The global financial and economic crisis is creating or threatening to create in certain Member States serious difficulties in particular as regards their economic growth and financial stability and the deterioration in their deficit and debt position. These provisions cover five Member States which have been most affected by the crisis and have received financial assistance under a programme from the balance of payments mechanism for non-euro countries (Romania and Latvia) or from the European financial stabilisation mechanism (EFSM) for the euro countries (Portugal, Greece and Ireland).

This regulation belongs to a package of three regulations covering the same five Member States and concerning, in addition to the EFF, the European agriculture fund for rural development (EAFRD) and the structural and cohesion funds.

The regulation will not have financial impact since, as regards commitment appropriations, the global envelope for rural development remains unchanged, as does its annual breakdown.

INTERNAL MARKET

Enforcement of intellectual property rights - Office for harmonisation in the internal market

The Council adopted a regulation entrusting the EU's office for harmonisation in the internal market (OHIM) with new tasks related to the enforcement of intellectual property rights (80/11 and 7644/12 ADD 1).

The adoption follows an agreement with the European Parliament at first reading.

The OHIM, which is the EU's trade marks and designs office, will carry out new tasks aimed at facilitating and supporting the activities of national authorities, the private sector and the EU institutions in the fight against infringements of intellectual property rights.

In carrying out these tasks the OHIM will organise, administer and support the gathering of experts, authorities and stakeholders assembled under the "European observatory on infringements of intellectual property rights"1.

The new tasks of the OHIM do not extend to participation in individual operations or investigations carried out by national authorities.

The registrations of trade marks and designs in the OHIM provide intellectual property protection throughout the EU. The OHIM works in close cooperation with national intellectual property offices in the member states.

Website of the OHIM: http://oami.europa.eu/ows/rw/pages/index.en.do

Accounting standards - Technical update

The Council decided not to oppose the adoption by the Commission of a regulation aimed at incorporating recent amendments adopted by the International Accounting Standards Board (IASB) into EU law.

The new regulation will bring regulation 1126/2008 on the application of international accounting standards in line with the IASB amendments published on 16 June 2011. The amendments are related to the "IAS 1" (Presentation of financial statements - Presentation of items of other comprehensive income) and to the "IAS 19" (Employee benefits).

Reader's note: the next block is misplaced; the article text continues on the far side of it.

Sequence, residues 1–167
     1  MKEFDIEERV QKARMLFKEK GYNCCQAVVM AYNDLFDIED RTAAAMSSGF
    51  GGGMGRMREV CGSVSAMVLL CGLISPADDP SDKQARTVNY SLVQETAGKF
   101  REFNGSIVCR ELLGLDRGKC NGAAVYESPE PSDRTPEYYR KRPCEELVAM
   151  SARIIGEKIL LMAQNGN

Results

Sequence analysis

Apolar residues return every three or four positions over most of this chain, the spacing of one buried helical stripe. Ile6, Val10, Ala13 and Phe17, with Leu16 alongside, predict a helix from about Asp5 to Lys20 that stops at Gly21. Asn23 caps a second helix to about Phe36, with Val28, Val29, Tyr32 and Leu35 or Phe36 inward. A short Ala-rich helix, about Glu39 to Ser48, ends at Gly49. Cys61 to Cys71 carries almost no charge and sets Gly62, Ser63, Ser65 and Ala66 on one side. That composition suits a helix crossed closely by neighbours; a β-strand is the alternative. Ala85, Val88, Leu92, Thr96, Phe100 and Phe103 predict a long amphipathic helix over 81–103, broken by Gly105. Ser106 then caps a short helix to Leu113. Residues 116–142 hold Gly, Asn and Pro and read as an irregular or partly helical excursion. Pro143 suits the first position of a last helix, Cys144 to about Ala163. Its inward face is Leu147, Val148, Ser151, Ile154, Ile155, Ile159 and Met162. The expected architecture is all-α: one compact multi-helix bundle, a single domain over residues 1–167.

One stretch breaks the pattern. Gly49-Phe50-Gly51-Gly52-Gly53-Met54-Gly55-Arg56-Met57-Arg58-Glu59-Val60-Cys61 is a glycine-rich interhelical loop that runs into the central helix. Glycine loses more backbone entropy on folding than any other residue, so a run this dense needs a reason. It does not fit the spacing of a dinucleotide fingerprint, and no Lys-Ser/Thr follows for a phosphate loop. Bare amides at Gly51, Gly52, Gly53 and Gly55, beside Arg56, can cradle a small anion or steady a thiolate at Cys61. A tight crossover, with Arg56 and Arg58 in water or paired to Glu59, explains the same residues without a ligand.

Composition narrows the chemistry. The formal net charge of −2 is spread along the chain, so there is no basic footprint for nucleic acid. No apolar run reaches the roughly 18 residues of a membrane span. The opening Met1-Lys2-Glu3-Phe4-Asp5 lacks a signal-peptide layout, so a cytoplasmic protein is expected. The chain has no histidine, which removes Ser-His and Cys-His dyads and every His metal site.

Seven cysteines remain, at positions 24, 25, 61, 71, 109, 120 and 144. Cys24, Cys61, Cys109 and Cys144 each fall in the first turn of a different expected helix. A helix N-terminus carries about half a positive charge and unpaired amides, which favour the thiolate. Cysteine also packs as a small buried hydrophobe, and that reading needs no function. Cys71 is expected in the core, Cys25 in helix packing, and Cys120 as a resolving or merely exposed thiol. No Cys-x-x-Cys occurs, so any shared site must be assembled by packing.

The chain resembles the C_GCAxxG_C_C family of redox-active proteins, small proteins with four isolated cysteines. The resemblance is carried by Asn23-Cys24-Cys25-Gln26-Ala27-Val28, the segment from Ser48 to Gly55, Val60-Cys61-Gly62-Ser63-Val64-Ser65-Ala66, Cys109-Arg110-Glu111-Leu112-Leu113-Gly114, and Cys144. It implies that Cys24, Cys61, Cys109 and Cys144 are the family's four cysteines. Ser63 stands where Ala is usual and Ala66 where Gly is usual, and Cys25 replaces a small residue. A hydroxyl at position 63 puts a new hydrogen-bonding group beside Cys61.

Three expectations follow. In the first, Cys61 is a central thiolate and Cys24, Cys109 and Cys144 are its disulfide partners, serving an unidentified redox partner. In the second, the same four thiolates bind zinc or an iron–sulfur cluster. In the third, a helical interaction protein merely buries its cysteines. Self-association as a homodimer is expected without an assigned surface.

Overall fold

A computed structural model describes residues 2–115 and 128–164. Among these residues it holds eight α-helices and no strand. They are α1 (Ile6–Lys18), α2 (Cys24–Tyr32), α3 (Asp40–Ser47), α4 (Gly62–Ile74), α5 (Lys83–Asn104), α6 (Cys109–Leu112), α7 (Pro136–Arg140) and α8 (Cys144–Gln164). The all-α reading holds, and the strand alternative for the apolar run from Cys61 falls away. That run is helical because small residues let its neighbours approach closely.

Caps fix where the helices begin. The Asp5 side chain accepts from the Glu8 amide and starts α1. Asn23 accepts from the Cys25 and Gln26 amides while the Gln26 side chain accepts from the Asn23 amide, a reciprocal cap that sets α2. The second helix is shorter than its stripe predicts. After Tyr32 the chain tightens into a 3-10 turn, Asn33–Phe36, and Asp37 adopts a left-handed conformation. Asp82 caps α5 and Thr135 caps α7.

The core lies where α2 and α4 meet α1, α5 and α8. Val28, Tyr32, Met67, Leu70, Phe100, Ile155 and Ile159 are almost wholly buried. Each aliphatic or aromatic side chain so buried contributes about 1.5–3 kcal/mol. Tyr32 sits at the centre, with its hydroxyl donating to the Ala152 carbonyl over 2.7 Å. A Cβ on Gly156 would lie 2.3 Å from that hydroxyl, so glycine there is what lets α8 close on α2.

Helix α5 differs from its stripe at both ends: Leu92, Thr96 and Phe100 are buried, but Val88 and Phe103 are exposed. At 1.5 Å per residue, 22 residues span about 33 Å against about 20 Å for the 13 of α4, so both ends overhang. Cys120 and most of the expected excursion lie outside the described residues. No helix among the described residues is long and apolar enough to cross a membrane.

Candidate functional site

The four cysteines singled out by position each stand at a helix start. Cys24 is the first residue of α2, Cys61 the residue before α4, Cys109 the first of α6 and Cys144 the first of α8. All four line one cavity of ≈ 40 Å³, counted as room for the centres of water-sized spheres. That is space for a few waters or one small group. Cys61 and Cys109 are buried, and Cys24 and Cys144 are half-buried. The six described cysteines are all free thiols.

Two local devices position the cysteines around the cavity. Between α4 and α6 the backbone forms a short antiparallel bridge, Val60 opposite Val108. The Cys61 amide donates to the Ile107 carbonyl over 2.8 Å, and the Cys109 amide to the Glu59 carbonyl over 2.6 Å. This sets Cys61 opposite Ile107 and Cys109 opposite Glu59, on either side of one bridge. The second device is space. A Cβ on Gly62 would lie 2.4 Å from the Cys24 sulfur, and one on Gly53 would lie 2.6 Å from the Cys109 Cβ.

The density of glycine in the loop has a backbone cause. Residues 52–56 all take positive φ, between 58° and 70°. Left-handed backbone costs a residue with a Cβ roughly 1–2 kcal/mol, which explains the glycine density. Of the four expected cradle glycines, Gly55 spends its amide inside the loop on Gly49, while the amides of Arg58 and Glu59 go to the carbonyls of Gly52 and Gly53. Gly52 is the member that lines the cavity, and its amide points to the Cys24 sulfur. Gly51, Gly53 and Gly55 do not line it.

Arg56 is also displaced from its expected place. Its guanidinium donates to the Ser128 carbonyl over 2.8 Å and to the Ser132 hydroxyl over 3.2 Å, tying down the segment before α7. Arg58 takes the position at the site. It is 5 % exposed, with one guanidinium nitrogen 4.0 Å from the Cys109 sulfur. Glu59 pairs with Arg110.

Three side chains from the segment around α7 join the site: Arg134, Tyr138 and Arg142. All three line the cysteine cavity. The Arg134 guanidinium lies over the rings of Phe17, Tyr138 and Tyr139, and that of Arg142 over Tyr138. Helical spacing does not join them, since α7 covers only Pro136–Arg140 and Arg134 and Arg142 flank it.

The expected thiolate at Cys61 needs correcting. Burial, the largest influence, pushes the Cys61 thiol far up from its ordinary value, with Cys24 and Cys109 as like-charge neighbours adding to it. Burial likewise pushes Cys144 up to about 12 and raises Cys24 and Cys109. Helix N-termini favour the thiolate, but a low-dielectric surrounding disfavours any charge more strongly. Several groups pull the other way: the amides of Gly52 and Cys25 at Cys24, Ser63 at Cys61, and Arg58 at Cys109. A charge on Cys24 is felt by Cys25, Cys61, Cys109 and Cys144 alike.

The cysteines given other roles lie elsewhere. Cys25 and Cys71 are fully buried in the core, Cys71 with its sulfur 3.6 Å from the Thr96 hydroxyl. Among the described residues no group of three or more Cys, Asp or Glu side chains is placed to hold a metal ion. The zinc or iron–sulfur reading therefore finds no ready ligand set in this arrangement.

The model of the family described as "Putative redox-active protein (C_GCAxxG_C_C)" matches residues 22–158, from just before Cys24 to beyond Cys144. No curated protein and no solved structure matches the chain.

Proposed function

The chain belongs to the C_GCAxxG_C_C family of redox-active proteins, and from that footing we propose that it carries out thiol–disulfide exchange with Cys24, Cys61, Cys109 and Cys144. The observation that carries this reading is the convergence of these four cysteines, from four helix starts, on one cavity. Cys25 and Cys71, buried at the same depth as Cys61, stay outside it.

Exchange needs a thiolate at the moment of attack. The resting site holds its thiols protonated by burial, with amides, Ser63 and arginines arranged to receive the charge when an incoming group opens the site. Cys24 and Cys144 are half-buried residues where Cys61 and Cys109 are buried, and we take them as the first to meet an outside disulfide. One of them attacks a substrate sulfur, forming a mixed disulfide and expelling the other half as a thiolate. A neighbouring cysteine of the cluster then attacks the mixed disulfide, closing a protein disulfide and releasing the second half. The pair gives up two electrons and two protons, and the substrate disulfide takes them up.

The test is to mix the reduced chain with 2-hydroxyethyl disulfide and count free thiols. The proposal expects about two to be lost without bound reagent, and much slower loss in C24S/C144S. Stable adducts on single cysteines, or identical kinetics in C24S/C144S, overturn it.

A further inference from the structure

Regulation 1126/2008 has as its objective the adoption and use of international accounting standards in the EU with a view to harmonising the financial information presented by publicly traded companies, in order to ensure a high degree of transparency and comparability of financial statements and hence an efficient functioning of the internal market.

The draft Commission regulation is subject to the regulatory procedure with scrutiny. Now that the Council has given its consent, the Commission may adopt it, unless the European Parliament objects.

FOOD LAW

Health claims and food additives

The Council decided not to oppose the adoption of the following four Commission regulations, three concerning health claims and one concerning food additives:

  • regulation establishing a list of permitted health claims made on foods, other than those referring to the reduction of disease risk and to children's development and health (5984/12 + ADD 1 + 6749/12);

  • regulation refusing to authorise certain health claims made on foods and referring to the reduction of disease risk and to children's development of health (5672/12);

  • regulation refusing to authorise certain health claims made on foods, other than those referring to the reduction of disease risk and to children's development and health (5674/12);

  • regulation amending annex II to regulation 1333/2008 as regards the conditions of use and the use levels for aluminium-containing food additives (5726/12 + ADD 1).

The Commission regulations are subject to the regulatory procedure with scrutiny. Now that the Council has given its consent, the Commission may adopt them, unless the European Parliament objects.

ENVIRONMENT

Persistent organic pollutants

The Council decided not to oppose the adoption by the Commission of the following legislative act:

  • regulation amending regulation EC/850/2004 on persistent organic pollutants as regards Annex I (6782/12), in order to include the three new substances listed in the Protocol to the 1979 Convention on Long Range Transboundary Air Pollution on Persistent Organic Pollutants 1.

This Commission regulation is subject to the regulatory procedure with scrutiny. Now that the Council has given its consent, the Commission may adopt it, unless the European Parliament objects.

1 :

The observatory was previously called "European observatory on counterfeiting and piracy". It was set up in April 2009: http://ec.europa.eu/internal_market/iprenforcement/observatory/index_en.htm.

1 :

OJ L 81, 19.02.2004.